New Zealand First deputy leader Shane Jones has hit out at the content of a leaked document from the Ministry of Justice on the Government’s proposed Treaty Principles Bill, suggesting it’s a “manifesto” of “phobia”.
The document, also known as a legal bid, was sent to various Government departments for consultation.
“The Bill will… change the nature of the principles from reflecting a relationship akin to a partnership between the Crown and Māori to reflecting the relationship the Crown has with all citizens of New Zealand. This is not supported by either the spirit of the Treaty or the text of the Treaty,” the report’s author said.
Minister of Justice Paul Goldsmith said: “This is a draft Ministry of Justice document that has not been seen or considered by Cabinet.”
ACT leader David Seymour said that the meaning of the Treaty of Waitangi has been twisted to give different groups of people different rights and that New Zealanders were “never consulted on this”. He wants to clarify the Treaty’s principles, he said.
Speaking to Breakfast this morning, Jones said: “Let’s be very careful, no one is altering the existence or indeed the wording of the Treaty… There seems to be an odd mixture of Treaty, iwi mania rippling around at the moment.
“I was quite taken by the phobia that seems to be seeping through that particular document.
“I like my documents from the bureaucracy to be pithy and not written as manifestos.
“No one should imagine that that’s the position of our Cabinet or indeed of our ministers.”
Jones stressed that Cabinet hadn’t even seen the document, saying he’d only learnt of its contents through the media.
“I think that the language in the document actually is not informative, it’s slightly delusional and it certainly has created a new set of misunderstandings,” he said.
It comes after a national hui led by Kiingi Tuuheitia in response to the Government’s proposals for Māori.
“The hui was very political,” Jones said, adding he was impressed by the number of people who turned out.
“But I want to go to the pith of the issue. The legitimacy of the election, and the desire of our government to have a reset in respect of the Waitangi Tribunal and ensure that the principals – and the references to the principals of the Treaty of Waitangi in legislation – we stood, we campaigned and we enjoyed a legitimate mandate as a consequence of October 14.
“I just fear that we’re in the grip of an iwi Treaty mania.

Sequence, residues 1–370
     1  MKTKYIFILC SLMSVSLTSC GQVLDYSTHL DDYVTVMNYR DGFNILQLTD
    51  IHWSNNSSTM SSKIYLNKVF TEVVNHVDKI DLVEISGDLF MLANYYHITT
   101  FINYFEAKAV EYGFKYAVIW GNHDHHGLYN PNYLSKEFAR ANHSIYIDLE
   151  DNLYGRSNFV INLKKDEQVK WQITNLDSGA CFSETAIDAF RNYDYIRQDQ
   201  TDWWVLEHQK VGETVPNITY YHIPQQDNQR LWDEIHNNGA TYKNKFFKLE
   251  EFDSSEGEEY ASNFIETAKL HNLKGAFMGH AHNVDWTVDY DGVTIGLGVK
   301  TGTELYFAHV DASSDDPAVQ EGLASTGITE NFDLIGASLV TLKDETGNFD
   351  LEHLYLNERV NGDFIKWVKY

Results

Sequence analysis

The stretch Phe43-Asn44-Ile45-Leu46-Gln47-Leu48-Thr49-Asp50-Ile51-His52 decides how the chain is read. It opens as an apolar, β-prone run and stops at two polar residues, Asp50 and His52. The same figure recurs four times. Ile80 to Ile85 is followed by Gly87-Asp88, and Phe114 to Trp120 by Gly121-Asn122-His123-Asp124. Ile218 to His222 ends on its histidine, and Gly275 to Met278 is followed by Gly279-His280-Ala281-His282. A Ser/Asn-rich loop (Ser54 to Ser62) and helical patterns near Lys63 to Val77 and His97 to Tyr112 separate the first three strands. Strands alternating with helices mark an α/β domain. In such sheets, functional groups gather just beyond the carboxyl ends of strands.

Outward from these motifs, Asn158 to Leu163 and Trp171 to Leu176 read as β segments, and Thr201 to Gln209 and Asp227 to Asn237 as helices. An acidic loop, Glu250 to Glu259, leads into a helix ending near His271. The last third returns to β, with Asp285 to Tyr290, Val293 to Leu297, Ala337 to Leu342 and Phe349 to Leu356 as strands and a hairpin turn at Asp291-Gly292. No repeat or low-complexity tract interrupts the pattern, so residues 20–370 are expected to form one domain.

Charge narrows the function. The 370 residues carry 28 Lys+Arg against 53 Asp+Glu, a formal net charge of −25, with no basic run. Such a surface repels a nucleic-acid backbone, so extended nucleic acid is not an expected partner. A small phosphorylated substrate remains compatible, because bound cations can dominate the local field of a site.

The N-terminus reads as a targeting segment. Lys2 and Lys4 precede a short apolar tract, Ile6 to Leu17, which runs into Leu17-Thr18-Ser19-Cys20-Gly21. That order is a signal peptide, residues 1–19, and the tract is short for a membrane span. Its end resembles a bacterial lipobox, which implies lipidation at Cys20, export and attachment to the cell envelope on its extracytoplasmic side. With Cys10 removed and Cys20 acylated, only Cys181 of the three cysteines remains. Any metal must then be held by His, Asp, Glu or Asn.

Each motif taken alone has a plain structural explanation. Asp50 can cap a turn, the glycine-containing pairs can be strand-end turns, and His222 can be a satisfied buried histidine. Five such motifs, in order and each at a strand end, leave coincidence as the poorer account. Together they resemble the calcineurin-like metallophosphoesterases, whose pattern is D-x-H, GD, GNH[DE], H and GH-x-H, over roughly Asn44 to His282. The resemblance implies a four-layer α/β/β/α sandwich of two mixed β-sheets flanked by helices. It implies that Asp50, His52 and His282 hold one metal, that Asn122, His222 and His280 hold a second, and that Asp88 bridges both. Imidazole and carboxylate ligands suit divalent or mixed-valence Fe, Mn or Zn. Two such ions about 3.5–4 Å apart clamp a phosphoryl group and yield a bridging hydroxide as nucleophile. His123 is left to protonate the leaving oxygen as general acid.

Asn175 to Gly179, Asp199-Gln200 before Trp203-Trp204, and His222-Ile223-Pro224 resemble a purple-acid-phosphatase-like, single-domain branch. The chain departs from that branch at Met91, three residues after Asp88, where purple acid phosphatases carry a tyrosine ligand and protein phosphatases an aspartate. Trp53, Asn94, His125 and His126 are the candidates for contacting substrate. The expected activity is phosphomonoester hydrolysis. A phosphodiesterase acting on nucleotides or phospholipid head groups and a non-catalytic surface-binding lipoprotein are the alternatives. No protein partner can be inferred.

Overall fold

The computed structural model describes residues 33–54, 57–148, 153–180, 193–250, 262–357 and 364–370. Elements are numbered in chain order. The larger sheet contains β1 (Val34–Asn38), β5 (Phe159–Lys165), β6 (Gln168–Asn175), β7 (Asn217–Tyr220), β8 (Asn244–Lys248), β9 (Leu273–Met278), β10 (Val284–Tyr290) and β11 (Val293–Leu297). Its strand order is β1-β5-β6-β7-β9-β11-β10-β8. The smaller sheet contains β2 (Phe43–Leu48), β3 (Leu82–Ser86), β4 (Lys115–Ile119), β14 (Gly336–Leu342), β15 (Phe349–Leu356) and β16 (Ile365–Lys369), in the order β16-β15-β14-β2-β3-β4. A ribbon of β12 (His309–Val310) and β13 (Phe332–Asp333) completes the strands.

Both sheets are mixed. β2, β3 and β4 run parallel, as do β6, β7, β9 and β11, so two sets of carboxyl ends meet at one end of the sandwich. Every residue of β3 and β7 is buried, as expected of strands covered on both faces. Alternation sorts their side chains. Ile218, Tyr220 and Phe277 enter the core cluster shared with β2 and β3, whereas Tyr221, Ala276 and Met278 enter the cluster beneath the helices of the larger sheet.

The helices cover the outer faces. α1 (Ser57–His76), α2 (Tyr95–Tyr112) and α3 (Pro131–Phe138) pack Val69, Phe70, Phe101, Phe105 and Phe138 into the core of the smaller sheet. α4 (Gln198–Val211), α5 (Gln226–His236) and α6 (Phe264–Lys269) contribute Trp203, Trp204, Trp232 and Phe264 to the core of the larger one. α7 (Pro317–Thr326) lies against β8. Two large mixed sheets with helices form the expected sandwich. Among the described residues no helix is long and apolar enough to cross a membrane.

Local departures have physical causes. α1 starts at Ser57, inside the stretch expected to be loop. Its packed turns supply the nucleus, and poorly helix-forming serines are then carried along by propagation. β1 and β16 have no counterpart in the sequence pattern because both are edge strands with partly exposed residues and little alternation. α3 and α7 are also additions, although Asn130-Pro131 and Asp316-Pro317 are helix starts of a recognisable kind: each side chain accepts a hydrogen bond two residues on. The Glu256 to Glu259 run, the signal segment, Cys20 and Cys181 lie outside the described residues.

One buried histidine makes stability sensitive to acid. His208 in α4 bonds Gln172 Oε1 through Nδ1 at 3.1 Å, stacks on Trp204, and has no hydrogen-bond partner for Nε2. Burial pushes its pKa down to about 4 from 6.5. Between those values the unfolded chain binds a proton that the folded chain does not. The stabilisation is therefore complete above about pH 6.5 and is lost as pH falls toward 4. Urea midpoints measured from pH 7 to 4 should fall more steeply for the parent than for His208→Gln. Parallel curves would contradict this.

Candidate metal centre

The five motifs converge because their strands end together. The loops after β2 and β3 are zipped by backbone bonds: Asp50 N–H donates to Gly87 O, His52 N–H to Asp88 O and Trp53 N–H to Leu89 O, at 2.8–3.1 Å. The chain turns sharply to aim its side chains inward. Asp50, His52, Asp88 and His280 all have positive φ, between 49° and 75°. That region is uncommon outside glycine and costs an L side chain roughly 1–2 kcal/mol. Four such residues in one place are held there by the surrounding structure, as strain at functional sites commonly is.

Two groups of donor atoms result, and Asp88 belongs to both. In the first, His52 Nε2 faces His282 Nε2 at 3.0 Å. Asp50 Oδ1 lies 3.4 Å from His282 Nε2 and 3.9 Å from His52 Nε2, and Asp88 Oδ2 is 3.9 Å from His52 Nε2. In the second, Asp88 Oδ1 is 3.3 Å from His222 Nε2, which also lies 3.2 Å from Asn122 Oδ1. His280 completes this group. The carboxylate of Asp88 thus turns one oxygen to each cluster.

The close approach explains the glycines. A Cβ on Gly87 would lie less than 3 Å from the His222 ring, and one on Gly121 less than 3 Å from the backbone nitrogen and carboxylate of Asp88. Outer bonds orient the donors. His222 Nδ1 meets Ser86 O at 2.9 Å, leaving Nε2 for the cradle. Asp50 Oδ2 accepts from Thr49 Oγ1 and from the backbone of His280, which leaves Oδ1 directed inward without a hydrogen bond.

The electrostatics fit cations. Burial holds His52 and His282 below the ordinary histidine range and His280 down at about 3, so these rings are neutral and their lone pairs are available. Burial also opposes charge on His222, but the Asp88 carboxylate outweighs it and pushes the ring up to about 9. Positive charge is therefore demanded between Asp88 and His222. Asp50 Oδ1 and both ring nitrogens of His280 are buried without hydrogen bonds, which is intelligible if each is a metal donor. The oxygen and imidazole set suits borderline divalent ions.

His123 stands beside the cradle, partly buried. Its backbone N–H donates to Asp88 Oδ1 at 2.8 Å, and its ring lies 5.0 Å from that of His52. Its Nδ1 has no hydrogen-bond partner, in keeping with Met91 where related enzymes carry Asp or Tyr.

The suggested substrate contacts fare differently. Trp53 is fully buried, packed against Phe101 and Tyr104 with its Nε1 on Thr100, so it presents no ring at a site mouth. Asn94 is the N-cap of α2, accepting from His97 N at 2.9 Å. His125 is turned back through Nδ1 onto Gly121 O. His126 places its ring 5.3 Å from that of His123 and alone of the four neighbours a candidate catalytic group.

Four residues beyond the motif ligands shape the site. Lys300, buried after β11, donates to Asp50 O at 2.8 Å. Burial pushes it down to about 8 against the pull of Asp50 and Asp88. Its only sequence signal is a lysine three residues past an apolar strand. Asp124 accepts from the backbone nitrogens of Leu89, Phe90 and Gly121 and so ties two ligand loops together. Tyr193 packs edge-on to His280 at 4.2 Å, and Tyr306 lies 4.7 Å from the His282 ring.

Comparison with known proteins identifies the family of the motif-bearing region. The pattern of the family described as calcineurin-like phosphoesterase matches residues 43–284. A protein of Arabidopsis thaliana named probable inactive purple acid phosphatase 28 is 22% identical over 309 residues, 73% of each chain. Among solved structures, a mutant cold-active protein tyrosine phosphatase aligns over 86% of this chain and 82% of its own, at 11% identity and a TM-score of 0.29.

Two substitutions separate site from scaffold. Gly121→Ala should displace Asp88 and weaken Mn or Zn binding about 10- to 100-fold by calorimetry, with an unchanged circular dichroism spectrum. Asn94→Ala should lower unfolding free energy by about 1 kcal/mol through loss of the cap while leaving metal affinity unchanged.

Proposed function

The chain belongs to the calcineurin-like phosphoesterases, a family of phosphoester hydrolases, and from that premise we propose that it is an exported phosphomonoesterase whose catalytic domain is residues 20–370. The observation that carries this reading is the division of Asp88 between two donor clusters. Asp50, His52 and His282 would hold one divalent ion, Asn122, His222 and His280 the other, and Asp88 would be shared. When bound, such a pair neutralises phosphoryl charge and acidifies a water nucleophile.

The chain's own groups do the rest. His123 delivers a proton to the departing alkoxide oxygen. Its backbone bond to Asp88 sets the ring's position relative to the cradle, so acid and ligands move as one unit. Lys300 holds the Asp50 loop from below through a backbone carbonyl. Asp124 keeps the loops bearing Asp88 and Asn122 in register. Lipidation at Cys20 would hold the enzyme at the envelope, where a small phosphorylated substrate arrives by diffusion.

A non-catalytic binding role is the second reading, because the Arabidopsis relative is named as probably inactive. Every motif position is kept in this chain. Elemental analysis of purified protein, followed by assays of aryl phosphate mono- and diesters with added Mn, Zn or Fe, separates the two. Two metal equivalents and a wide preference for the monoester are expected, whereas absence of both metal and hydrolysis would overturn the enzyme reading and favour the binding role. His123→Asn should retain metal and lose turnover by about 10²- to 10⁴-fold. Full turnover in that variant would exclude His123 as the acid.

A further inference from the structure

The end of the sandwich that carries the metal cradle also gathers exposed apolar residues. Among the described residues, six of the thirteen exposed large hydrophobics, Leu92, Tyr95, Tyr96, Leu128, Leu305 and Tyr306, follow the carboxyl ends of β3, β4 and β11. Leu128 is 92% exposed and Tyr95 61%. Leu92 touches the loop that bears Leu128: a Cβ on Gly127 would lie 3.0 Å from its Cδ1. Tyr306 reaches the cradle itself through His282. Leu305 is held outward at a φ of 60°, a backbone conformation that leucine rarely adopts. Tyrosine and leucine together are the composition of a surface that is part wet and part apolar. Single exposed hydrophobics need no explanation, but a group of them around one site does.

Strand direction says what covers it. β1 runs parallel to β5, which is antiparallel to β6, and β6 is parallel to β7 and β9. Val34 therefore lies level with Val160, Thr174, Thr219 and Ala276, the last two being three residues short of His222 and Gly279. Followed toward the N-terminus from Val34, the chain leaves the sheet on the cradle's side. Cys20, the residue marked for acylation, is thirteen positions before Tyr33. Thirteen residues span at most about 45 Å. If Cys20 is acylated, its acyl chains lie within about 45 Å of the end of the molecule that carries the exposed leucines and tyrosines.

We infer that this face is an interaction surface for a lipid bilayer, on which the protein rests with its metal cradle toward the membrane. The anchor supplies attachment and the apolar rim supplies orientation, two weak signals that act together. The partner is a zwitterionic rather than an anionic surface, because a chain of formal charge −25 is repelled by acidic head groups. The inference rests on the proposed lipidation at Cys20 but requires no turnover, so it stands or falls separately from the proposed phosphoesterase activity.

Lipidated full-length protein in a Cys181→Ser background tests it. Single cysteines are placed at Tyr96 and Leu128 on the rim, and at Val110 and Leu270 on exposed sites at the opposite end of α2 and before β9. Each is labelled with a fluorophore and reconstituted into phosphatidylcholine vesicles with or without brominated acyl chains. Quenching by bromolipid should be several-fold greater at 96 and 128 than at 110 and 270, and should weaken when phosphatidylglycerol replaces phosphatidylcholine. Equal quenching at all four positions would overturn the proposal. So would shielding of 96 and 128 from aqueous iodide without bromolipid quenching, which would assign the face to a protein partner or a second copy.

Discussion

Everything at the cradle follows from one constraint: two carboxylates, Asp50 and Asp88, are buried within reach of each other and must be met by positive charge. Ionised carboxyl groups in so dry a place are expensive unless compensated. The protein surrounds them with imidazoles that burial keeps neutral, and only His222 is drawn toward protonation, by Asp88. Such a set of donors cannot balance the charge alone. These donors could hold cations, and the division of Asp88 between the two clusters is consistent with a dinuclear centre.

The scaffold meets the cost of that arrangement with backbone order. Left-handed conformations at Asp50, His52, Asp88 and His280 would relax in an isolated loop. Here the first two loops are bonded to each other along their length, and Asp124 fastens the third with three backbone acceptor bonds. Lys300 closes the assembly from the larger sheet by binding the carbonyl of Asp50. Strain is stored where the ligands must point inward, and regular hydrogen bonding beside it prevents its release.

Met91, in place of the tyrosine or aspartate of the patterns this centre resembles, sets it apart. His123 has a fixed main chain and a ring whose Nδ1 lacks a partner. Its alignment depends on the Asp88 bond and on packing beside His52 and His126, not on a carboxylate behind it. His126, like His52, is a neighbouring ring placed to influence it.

“We’re doing nothing to change the essence of the Treaty.”
Jones said he was concerned about the Waitangi Tribunal causing further polarisation and division.
‘I’m not concerned by that at all’ – Brooke van Velden
Later on Breakfast, Green MP Chlöe Swarbrick and ACT deputy leader Brooke van Velden discussed the issue.
“There is no legislation,” van Velden emphasised. “There is no bill yet, it hasn’t been drafted.
“So what we’re already seeing is just very early advice to make sure that a Treaty Principles Bill gets onto the legislative programme.
“What ACT is saying is that we need to have a discussion; an honest, open, adult discussion about what the Treaty means in modern New Zealand,” she said.
Asked if she was concerned by the Ministry of Justice’s advice, she said: “I’m not concerned by that at all.
“What we’re asking for in ACT is for there to be a public consultation, which is what this bill proposes.
“People have felt like our country’s really divided. What having this bill go through a select committee process will do is allow for all New Zealanders to be able to have their say and talk openly about how we can be a united country.”
Swarbrick took a different view.
“This was free and frank advice from Ministry of Justice officials making it abundantly clear that the Government hasn’t undertaken any consultation with the most directly impacted communities here, those being iwi Māori.”
She called the Government’s proposals “incredibly reductive” and “prescriptive”.
“Frankly, it’s a mess, and New Zealanders should expect better from our Government when it comes to leading in this space.”